For a fixed surface density value Σ0, this approach can be used to determine constraints for the turbulence parameter α by requiring the formation of the resonance chain under these turbulent conditions. This is done under the simplifying assumption that the planets under investigation can be considered to be close to the resonances that they are observed in today. This can be seen as not too restrictive, considering that it is safe to assume that the planets reached an orbital state close to where they are observed at some point in time. Conversely, under the assumption of a fixed α, the required range of surface densities can be inferred, implying whether the planets of Kepler-223 have formed during the early time of high surface density or the late time of lower surface density.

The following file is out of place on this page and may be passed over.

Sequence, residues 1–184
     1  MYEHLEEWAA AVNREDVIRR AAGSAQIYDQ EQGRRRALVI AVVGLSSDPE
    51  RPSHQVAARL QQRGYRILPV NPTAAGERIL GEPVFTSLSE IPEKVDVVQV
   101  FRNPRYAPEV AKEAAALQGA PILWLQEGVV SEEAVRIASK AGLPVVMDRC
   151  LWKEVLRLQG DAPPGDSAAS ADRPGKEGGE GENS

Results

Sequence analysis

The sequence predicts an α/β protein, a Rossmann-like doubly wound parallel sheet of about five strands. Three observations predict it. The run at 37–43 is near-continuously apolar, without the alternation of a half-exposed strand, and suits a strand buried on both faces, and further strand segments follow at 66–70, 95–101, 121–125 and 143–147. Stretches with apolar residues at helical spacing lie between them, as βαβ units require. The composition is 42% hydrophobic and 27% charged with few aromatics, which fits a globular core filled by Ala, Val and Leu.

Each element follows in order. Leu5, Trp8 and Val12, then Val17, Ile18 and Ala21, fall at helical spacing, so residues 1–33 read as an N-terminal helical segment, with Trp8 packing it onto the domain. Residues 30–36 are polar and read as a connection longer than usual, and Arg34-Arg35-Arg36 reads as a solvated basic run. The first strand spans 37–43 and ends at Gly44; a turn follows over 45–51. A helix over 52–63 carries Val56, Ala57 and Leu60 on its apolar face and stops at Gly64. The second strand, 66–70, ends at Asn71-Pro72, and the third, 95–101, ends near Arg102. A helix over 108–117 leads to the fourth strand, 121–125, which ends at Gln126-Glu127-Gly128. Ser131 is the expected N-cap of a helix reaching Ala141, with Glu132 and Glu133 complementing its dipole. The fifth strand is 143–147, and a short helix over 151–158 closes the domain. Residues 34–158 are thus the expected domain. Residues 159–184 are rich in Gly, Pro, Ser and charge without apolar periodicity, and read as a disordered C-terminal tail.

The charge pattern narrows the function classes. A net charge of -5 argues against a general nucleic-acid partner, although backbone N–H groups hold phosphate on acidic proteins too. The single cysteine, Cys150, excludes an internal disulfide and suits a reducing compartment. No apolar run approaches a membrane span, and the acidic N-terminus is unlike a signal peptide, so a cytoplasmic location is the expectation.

• 3.

    For lower values for α, it is not straightforward to conclude whether the formation of all aspects of the Kepler-223 orbital architecture can be ensured. This is because for weak turbulence, meaning such that captured resonance chains cannot be disrupted, simple analytical insights cannot be put into use and the impact of the turbulent environment is relevant mostly during the formation stage of the chain. The points at which we recover analytical considerations is reached when an established chain can also be disrupted. The limiting parameter αcrit can be estimated from two-planet results following Batygin & Adams (2017), as described in Eq. (19).

  • 4.